Written by: TheFecalKid
When it comes to horror movies, I'm sure most of you will agree with me when I say it is almost impossible to find a truly decent one. I've more or less given up on mainstream titles, and turned my eyes toward the independent and foreign film markets. This has turned out very fruitful, as I can say that almost every single film I've seen has been dark, chilling and downright terrifying - everything a horror film should be. The recent Dimension Extreme release Inside proved to be one of the darkest horror films I've seen in years, and I doubted if I'd see another one like it for some time. That is until I came across a little film titled [Rec].
Tonight's film begins with Angela (Manuela Velasco), the host of a documentary TV series While You're Asleep, and her cameraman Marcos (Pablo Rosso) following a group of Barcelona firefighters during their nightly routine. They interview the fire chief, join the men in their dinner, and nothing much happens until they receive a call that an old lady is trapped in her apartment. After meeting up with police at the scene, they force themselves into the apartment to find a crazed elderly woman, screaming and covered in blood. While trying to calm her down, one of the police officers is viciously attacked by the woman, and is brought downstairs with the hopes of getting an ambulance. The group soon realizes that the building has been quarantined because of a BNC (Biological/Nuclear/Chemical) hazard, and will remain this way until a health inspector can get inside and give the all clear. As the group tends to the wounded police officer, another person is violently attacked, and soon everyone is fighting for their survival as the virus spreads from person to person, turning the infected into violent, enraged killers.
When I first heard the title for this movie, and saw the posters, I assumed it was just another torture film done with the hand held camera to give it a more realistic feel. I had no idea I was watching a virus outbreak film until almost a third of the way through it, and that really says something about it. It was very unconventional, and while that may seem like a bad thing, believe me when I say it wasn't. This genre of film was all but dead before 28 Days Later came out, but that was 6 years ago, and we were in need of an updated - and somewhat original - take on the idea. The zombies, and I use the term lightly, are very much like the ones from 28 Days Later in both speed and appearance. The only major difference, which I think plays a large part in what makes them very unique, is the high pitched squeal they let off before and while they attack people. It doesn't sound like much, but it really adds a lot to the film, when the cameraman - who is essentially you - is walking around in total darkness, that shriek comes out of nowhere, and all hell breaks loose.
I saw this film with subtitles, and since all Spanish sounds flustered and panicked, it is hard to say whether or not the acting was good. From what I could tell, the characters' progression from normal to terror seemed very realistic and not at all forced. The first person aspect added a nice element to this, as very few cuts took place, and a majority of the scenes were a minute or two long, and focused on a small group of people. It had a very claustrophobic feel to it, and there were times where I was honestly on the edge of my seat as they walked through a narrow hallway, wondering who, or what, would jump out at them. There wasn't an excessive amount of blood and gore in this one, but what was used was tasteful, and seemed realistic. There were a few shaky moments, where it seemed that the effects looked a little sketchy, but from what I understand, this was a very low budget film, and I can forgive them on some special effects bloopers. Considering that was the only minor gripe I had with the entire film, I'd have to say it was damn near a perfect movie. It was also nice to see some Night of the Living Dead and The Shining references thrown in, just for the geek factor.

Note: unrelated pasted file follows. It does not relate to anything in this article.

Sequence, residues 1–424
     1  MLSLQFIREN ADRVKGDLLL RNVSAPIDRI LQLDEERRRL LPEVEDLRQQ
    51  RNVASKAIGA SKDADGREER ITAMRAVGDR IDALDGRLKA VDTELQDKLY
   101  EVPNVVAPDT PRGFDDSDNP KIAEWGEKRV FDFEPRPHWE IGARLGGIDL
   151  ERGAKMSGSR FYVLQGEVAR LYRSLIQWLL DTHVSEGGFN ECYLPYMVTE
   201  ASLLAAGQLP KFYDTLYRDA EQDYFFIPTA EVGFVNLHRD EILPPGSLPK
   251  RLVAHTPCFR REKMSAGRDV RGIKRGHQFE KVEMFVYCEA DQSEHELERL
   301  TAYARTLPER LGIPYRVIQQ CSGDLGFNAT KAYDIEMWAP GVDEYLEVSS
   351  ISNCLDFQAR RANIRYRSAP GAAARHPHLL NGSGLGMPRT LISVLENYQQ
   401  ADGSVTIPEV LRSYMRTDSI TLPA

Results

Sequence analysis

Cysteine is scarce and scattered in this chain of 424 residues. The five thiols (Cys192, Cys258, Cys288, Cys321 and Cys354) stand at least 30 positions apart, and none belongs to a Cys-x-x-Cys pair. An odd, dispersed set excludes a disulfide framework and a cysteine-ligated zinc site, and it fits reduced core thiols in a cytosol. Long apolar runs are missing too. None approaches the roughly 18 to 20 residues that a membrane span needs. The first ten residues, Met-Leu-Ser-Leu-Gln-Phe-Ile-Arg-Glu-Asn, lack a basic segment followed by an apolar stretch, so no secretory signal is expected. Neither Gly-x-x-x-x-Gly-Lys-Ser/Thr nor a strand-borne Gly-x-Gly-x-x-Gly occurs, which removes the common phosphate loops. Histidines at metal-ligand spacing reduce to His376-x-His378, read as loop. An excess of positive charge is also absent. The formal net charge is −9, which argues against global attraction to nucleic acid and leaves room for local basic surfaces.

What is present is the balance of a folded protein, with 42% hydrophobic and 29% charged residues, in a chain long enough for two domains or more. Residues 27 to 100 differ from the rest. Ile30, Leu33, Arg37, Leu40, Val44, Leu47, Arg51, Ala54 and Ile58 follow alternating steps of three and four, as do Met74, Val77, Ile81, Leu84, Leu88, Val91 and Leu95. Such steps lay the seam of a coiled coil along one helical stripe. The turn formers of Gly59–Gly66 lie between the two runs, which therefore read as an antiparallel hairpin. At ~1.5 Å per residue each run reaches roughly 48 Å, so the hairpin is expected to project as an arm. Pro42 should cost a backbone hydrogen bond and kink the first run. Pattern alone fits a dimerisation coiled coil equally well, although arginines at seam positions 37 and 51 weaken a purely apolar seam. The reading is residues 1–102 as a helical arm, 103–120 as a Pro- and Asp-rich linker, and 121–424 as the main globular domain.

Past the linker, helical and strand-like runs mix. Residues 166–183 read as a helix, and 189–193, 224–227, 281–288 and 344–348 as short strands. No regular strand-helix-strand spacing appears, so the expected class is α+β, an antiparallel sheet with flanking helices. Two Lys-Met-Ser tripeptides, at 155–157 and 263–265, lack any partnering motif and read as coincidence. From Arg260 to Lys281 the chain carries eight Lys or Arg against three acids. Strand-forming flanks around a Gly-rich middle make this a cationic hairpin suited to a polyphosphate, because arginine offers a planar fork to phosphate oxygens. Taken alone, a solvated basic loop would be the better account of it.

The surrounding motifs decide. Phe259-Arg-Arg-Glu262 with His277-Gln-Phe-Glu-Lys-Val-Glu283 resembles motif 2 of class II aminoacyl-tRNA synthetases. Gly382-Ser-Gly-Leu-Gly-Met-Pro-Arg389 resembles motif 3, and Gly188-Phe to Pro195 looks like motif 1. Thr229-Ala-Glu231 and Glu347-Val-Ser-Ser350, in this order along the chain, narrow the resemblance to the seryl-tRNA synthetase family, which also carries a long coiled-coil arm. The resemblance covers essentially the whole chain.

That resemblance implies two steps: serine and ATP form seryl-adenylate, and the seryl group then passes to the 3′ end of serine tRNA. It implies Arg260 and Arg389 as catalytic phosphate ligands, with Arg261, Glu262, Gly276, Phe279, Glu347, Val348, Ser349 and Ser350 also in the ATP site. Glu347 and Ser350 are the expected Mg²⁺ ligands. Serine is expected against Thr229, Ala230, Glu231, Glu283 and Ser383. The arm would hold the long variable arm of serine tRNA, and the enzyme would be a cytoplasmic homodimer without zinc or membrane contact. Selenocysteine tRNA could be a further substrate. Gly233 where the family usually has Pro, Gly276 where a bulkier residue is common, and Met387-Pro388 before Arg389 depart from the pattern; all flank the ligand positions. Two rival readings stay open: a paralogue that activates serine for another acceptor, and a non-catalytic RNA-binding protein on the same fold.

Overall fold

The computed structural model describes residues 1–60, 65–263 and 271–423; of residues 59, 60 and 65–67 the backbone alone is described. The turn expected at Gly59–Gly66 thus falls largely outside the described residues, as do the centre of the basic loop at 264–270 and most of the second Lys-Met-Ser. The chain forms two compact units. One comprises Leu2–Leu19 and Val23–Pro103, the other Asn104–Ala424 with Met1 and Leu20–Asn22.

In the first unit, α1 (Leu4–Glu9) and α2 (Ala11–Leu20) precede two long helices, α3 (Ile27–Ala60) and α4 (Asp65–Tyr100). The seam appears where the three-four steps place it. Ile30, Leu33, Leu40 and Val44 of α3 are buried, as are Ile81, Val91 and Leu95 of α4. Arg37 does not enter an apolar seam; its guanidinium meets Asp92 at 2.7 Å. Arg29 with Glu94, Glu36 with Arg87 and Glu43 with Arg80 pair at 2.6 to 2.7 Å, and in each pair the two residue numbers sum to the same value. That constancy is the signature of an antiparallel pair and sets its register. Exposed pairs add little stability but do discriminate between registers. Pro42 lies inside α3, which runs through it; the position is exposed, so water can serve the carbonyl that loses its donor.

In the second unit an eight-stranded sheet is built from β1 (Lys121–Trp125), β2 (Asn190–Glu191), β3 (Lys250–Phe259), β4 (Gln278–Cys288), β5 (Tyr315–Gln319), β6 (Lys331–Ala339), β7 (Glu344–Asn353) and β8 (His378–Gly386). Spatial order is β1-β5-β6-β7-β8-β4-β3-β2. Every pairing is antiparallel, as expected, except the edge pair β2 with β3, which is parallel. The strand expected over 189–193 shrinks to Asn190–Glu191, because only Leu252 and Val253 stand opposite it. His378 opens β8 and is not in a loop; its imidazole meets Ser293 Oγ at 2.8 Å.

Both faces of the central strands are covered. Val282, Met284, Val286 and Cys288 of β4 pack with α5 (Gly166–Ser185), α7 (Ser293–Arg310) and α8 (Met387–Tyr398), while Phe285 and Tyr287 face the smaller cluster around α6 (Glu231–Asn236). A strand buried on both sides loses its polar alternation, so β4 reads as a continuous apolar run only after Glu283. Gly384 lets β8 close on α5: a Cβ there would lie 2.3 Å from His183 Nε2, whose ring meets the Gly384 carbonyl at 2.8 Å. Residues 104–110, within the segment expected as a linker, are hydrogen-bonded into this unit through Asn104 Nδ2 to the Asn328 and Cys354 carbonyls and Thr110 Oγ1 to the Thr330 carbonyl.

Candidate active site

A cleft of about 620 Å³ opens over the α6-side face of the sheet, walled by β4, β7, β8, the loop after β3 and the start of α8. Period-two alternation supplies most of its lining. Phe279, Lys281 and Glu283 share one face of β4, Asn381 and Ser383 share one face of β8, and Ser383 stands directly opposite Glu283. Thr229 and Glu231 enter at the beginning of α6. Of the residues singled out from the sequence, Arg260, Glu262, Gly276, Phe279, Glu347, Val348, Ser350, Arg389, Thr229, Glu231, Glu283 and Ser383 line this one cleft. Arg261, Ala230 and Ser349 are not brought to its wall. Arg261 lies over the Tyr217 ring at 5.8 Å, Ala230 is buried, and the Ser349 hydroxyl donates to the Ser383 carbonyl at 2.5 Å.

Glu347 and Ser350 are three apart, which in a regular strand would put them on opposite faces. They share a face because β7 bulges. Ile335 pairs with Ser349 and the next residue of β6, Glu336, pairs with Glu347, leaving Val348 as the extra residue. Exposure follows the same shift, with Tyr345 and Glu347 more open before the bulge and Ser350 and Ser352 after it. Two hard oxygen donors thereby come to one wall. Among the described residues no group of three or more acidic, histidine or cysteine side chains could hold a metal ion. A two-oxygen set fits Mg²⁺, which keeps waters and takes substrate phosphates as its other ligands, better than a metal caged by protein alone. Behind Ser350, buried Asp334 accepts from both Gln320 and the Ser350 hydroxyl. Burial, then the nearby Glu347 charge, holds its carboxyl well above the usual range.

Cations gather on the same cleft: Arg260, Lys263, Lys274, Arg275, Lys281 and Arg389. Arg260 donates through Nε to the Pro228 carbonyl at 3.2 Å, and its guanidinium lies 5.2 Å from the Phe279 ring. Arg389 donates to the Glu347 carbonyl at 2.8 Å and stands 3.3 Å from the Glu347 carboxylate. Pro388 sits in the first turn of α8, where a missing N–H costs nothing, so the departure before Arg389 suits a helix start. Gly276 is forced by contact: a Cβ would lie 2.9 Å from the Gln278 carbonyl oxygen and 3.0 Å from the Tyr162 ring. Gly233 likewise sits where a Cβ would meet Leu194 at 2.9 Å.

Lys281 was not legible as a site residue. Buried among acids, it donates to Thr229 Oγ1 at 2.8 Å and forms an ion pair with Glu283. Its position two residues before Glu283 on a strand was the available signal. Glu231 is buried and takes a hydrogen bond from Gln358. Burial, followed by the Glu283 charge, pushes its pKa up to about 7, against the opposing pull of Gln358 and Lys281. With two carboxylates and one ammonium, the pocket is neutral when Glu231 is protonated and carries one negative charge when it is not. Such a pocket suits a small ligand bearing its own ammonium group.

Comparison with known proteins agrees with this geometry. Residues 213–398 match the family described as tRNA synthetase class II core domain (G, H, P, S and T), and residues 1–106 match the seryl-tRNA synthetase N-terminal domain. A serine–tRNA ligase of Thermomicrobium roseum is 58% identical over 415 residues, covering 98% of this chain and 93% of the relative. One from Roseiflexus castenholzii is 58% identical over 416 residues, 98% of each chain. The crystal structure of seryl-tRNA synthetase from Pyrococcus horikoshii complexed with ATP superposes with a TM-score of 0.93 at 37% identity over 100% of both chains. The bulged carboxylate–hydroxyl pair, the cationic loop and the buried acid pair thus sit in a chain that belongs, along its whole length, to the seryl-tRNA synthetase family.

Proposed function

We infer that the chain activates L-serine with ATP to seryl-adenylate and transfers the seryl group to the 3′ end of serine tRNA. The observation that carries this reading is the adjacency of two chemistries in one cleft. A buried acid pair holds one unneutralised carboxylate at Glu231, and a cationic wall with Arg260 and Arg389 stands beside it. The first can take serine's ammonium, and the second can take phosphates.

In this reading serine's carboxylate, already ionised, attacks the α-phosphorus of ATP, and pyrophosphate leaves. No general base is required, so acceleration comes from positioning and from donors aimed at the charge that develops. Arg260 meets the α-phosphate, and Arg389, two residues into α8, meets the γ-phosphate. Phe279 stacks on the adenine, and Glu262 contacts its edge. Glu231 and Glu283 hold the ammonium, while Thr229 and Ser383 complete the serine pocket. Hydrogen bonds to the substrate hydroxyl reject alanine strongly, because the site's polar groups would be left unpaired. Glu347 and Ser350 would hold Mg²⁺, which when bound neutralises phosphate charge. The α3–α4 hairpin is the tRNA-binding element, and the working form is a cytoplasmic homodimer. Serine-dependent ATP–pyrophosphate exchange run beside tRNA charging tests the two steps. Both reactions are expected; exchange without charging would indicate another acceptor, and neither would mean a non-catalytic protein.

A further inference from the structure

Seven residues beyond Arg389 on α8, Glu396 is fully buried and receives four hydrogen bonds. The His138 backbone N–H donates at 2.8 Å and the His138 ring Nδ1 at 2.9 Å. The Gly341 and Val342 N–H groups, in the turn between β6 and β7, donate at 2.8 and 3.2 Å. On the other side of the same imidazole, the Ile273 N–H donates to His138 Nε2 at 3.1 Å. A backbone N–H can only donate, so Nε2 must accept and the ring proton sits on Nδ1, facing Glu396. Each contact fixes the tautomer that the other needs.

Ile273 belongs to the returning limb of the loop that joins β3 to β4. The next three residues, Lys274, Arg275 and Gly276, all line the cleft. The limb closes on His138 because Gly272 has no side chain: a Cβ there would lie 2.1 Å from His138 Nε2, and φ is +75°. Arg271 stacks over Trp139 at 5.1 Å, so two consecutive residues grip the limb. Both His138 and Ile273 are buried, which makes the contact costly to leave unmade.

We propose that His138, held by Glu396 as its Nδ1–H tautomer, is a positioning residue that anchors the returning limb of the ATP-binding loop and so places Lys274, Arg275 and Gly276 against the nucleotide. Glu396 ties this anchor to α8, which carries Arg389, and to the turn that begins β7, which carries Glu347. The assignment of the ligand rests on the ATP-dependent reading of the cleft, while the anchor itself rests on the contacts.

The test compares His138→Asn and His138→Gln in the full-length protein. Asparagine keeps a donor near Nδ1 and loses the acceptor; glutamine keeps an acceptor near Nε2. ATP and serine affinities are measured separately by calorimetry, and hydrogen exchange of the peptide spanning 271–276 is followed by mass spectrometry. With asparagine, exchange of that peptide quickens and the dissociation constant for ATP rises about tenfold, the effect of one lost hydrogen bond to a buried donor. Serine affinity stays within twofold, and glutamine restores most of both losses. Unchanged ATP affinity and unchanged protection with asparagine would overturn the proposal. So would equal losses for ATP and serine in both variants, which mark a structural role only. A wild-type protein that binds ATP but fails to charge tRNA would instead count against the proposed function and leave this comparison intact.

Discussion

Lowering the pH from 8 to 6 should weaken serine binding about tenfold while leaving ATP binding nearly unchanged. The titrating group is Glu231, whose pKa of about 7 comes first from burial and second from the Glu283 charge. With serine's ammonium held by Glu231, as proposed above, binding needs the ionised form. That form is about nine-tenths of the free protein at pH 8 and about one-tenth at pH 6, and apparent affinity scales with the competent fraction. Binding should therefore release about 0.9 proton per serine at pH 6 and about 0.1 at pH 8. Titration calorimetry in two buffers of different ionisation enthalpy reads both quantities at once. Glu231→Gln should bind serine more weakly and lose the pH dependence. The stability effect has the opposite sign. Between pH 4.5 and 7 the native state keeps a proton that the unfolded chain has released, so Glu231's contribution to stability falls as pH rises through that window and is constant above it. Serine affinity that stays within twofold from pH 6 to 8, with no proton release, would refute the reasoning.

Like every other film of its kind, the first thing people want to do is compare it to The Blair Witch Project. I have no problem with that, as I feel that [Rec] is actually a superior film. What I do have a problem with is it catching shit for using this style of filming. I know it's not the first of its kind, but if you want to nitpick, the film has been circulating film festivals in Europe for almost a year now, and not just cashing in on the success of Cloverfield and Diary of the Dead. Sadly, this movie probably won't see a DVD release until after the remake, which has been scheduled for an October release. It has been given the more obvious title of Quarantine and is being directed by the same man who brought us The Poughkeepsie Tapes, another movie which looks to use the POV style of film making. Hopefully the remake can live up to what a fantastic ride this film was. It went from casual to balls-to-the-wall horror in mere seconds, and didn't let up until the final scene, which was one of the most terrifying finales I think I've seen since the aforementioned Blair Witch Project. I wish I could tell all of you to get out there and see this film right away, but unfortunately we'll all have to wait for that undetermined DVD release. 10/10.